Ruben Rens from Ashgrove Marketing reflects on a catastrophic 12 months for Facebook, which saw the business transformed from victor to villain, and left digital marketers with much to think about.
While we greet the New Year with a traditional sense of optimism, it’s clear 2018 was dominated by one crisis after another for the digital industry.
Looking back at some key events, we are almost bewildered by the spectacular fall from grace for Facebook. The monetary loss alone was mind-boggling but even more important was the growing realisation of how little we can all trust Facebook, especially considering how much time we spend on our screens. This has very real implications for the entire digital industry.
It was also the year that online hate and misinformation became an unavoidable reality and Google, Microsoft and Amazon faced revolts from their own employees over ethical lapses. It was the year Apple became the first trillion-dollar company and then lost a quarter of their market capitalisation due to slowing sales of its new iPhones, especially in key markets like China.
But that still pales against the world’s biggest single-day drop in the share price for Facebook on 25th July 2018, instantly wiping US$120 billion off the company’s market capitalisation.
Facebook’s corporate culture is epitomised by its early motto “Move fast and break things” and one former Facebook executive described 2018 as the year when we all started learning the extent of the company’s “fairly reckless growth”.
So let’s look back at how things unfolded:
Mark Zuckerberg vowed to spend 2018 fixing Facebook in a personal post on 11th January: “We’ve gotten feedback from our community that public content – posts from businesses, brands and media – is crowding out the personal moments that lead us to connect more with each other,” Mr Zuckerberg explained.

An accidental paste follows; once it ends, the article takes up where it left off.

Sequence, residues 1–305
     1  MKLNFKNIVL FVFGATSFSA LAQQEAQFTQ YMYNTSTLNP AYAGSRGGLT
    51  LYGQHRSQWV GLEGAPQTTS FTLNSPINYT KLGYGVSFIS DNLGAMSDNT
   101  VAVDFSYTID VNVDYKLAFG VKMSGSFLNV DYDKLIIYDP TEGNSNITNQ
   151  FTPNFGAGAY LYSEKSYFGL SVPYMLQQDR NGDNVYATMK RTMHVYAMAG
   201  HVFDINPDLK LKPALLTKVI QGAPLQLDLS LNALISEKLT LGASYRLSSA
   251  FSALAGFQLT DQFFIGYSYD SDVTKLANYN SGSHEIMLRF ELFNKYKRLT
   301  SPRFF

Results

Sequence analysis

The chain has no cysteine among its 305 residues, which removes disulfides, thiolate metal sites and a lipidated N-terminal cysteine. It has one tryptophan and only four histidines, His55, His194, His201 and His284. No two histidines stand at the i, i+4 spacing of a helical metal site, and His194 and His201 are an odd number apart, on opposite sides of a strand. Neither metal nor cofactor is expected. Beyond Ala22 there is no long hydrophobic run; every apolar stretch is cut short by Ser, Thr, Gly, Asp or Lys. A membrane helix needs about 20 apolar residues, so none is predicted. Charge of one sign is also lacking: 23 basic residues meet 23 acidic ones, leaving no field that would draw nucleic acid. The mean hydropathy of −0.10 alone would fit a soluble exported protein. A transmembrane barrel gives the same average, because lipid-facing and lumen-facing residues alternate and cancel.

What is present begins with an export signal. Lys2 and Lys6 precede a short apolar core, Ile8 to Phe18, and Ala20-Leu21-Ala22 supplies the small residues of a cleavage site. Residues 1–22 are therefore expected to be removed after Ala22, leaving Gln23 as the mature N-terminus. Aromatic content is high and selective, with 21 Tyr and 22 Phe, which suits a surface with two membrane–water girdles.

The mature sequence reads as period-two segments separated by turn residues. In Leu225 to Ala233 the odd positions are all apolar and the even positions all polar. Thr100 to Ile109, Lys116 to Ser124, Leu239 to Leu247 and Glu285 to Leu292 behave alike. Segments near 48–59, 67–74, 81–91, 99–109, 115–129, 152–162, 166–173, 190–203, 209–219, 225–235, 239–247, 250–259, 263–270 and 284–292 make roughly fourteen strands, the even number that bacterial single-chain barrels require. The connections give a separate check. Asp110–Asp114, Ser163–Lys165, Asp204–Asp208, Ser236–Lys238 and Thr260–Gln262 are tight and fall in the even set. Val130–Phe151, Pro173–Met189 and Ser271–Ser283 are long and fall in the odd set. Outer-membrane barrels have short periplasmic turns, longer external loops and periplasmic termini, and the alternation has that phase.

In a follow-up press release, Adam Mosseri, Head of News Feed, explained that Facebook’s algorithm would “prioritize posts from friends and family over public content.”
This was the month of two particularly painful events for SnapChat: a very unpopular software update and Kylie Jenner’s announcement that she stopped using the app. The latter was initially being blamed for wiping US$1.3 billion off Snapchat’s stock market value and a spike in mentions about people also quitting the app.
According to data from SimilarWeb, Kylie Jenner’s tweet had minimal effect. A day before Jenner posted her tweet on 22th February, Wall Street investors had downgraded Snapchat’s stocks from “neutral” to “sell,” citing changes in the app’s design as the reason.
As it turns out, Jenner returned to Snapchat posting pictures and video of her cosmetics line as well as her new-born’s toes.
On 16th March, Facebook banned Cambridge Analytica ahead of a report from the New York Times and Observer newspapers about a massive data leak to the analytics firm. A few days later, on 21st March, Mr Zuckerberg made his first public comments about the Cambridge Analytica leak.
On 4 April, Facebook admitted up to 87 million users may have had their data accessed by Cambridge Analytica and in the ensuing days this wiped US$39 billion off its market capitalisation.
On 10th and 11th of April, Mr Zuckerberg appeared before the US Congress for two days of grilling, though many of the panel’s politicians were criticised for the lack of understanding of the social network.
On 30th April, the billionaire chief executive of WhatsApp, Jan Koum, announced his plans to leave the company after clashing with its parent, Facebook, over the company’s strategy and its attempts to use its personal data and weaken its encryption. Considering that his co-founder, Brian Acton, left WhatsApp a few months earlier, this sent shockwaves through the industry.